To All the Boys I’ve Loved Before is the story of Lara Jean, who has never openly admitted her crushes, but instead wrote each boy a letter about how she felt, sealed it, and hid it in a box under her bed. But one day Lara Jean discovers that somehow her secret box of letters has been mailed, causing all her crushes from her past to confront her about the letters: her first kiss, the boy from summer camp, even her sister’s ex-boyfriend, Josh. As she learns to deal with her past loves face to face, Lara Jean discovers that something good may come out of these letters after all.
You’d rather make up a fantasy version of somebody in your head than be with a real person.
I never expected a novel like this could be so realistic or relateable.
Frankly, I’m just so used to idealistic books, and books that are so perfect, we know they’re fictitious. However, stepping into Lara Jean’s world was like stepping into the world of a neighbour, or a classmate – her world felt comfortable, and like I knew exactly where she was coming from. This was great primarily, because it was a seamless transition from my world to Lara’s, and so I was very quickly invested in her story, and absorbed in the book. Secondly, it was great because I felt like – finally – my feelings were being recognised and understood.
Lara Jean is the kind of girl who isn’t very forward, and so relationships tend not to bloom with her because she restrains her feelings from spilling out. In short, she’d never tell someone she liked them. Instead, she’d write them a letter, and try to forget all about the feelings she ever had for them.
Whilst this is not exactly healthy, things like this are so relateable to so many teenage girls who are shy, or maybe anxious, or maybe just not very forward.
To read from a perspective that struggles with the same issues as you is great, because it feels like you’re finally being understood.
Lara Jean is, in my opinion, very realistic – she is like many of us in that she over thinks things, and she is like a lot of us in that she fictionalises relationships in her head. Not everyone is boisterous or dauntless enough to let their feelings show so clearly, and so it’s great that a quieter girl like Lara is flying the flag for girls of her kind.
Additionally, Lara Jean is very optimistic, and it was so refreshing to read from a perspective that always and consistently hopes for the best. I’m so tired of protagonists who always think the worst thing in the world is either happening to them, or destined to occur!
Similarly, I felt as though this book was rich in beneficial messages for teenage girls like myself, from healthy relationships, to being biracial (Lara Jean is half Korean), to even being lonely.
Likewise, because Lara and her sisters are biracial, the diversity this novel is willing to show is evident and really uplifting, and I give props to Jenny Han for doing this.
Also, there’s a strong sense of family values in this novel, which I really love. So often I read novels wherein the protagonist is never really seen to converse with their parents or siblings, which I really just do not understand! To see how close Lara Jean was with her sisters and father was a really nice addition to the book, and to see the support they gave her and trust they had in her was really heartwarming.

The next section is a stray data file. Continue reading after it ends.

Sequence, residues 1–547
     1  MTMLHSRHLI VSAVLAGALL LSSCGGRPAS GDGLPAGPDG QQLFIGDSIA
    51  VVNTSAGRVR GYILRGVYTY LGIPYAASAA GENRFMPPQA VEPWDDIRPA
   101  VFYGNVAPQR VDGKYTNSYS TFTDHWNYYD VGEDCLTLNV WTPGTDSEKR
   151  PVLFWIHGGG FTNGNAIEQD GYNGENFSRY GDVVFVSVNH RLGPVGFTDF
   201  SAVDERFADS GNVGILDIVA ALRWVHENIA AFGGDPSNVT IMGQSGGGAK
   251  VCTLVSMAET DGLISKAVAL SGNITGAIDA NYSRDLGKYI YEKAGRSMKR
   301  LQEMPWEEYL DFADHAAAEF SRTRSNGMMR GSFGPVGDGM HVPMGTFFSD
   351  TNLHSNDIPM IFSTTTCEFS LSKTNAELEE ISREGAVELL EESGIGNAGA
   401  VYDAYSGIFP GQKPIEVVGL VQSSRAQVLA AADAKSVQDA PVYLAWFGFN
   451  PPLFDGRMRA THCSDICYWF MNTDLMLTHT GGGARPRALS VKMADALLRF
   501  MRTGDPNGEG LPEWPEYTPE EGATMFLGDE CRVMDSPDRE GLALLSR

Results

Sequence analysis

In terms of the pace, this novel was extremely easy to read, and practically flew by – it only took me a day to read it! It’s the kind of book that you just can’t put down, both because the chapters are so short, and because you’re so eager to find out what will happen next.
The reason I didn’t award this book 5/5 stars was simply because it wasn’t what I exactly wanted or thought it would be. Personally, I wish there was more emphasis on the letters – the letters are what really drew me into this book, and so I was disappointed to see how little they are actually spoken about.
I mean, one letter was returned to sender: where’s the fun in that?!
However, I didn’t really pick up on the issue a lot of people tend to have with this book: that Lara Jean is childish and immature. Sure, I can see where they’re coming from – she does call her parents ‘Mommy’ and ‘Daddy’ at age 17… – but, firstly, I don’t at all believe this takes away from the story, and, secondly, I think it is exacerbated by her peers: she is surrounded by people who aren’t like her, and haven’t grown up like her – she has lived a strikingly sheltered life in comparison to her friends, because she has a perfectly loving family, which is something not everyone in the book can say. Actually, I think she’s less childish, and is more yet to come across her moment for maturity – she’s never had that moment where she must step up and take responsibility until the events in this book, and so she’s transitioning from a young, carefree girl into a woman.
Overall, I thought this book was immensely enjoyable, and really well paced. I loved so many aspects of it, including the characters, but unfortunately wish it was a little more focused on the letters – I loved that idea, but I don’t think it was executed as well as it could be.
When someone’s been gone a long time, at first you save up all the things you want to tell them. You try to keep track of everything in your head. But it’s like trying to hold on to a fistful of sand: all the little bits slip out of your hands, and then you’re just clutching air and grit.
Love is scary: it changes; it can go away. That’s the part of the risk. I don’t want to be scared anymore.
Do you know what it’s like to like someone so much you can’t stand it and know that they’ll never feel the same way?
It’s not like in the movies. It’s better, because it’s real.
It’s fun to think of the what-if. Scary, but fun. It’s like, I thought this door was closed before, but here it is open just the tiniest crack. What if?
If you enjoyed _____, you’ll love To All the Boys I’ve Loved Before!